Employers' Liability (Compulsory Insurance) Act 1969

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The Employers' Liability (Compulsory Insurance) Act 1969 (c 57) is a UK Act of Parliament that requires that employers carry insurance against the personal injury of their employees.


The insurance that employers must take out is referred to as Employer's Liability Compulsory Insurance (ECLI). As well as being insured, employers must post details of the insurance for staff to see. This requirement applies to most companies; exemptions include public organisations and certain micro companies.

Under section 5, offenders can be sentenced, on summary conviction in the Magistrates' Court, to a fine of up to level 4 on the standard scale (£2500) .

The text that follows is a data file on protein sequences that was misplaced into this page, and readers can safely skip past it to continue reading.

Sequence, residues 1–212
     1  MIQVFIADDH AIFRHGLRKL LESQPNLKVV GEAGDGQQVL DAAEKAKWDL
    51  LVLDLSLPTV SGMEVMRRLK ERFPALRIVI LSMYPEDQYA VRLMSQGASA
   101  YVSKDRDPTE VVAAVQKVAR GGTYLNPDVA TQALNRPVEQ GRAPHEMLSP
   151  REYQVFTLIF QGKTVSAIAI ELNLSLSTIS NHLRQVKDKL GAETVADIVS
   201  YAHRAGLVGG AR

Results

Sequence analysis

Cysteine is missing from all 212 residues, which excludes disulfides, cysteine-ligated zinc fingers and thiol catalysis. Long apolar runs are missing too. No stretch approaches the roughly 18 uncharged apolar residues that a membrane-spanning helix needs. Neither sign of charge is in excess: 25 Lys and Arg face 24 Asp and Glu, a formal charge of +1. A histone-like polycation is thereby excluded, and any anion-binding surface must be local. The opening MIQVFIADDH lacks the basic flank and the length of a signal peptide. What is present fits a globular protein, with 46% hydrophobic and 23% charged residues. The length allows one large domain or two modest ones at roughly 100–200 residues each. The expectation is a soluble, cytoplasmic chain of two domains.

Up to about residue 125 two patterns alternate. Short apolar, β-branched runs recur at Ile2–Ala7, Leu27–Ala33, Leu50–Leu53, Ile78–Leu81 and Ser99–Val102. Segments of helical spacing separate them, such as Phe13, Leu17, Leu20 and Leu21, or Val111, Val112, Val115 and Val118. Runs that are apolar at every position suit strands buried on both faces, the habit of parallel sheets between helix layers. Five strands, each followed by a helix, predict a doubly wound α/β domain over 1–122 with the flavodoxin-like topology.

The Act does not require compulsory insurance against illness and injury suffered by employees working abroad. In Reid v Rush & Thompkins[1] there is no requirement to advise an employee to get insurance herself.

See also[edit]


  1. ^ [1990] 1 WLR 212, but contrast Scally v Southern Health and Social Services Board [1992] 1 AC 294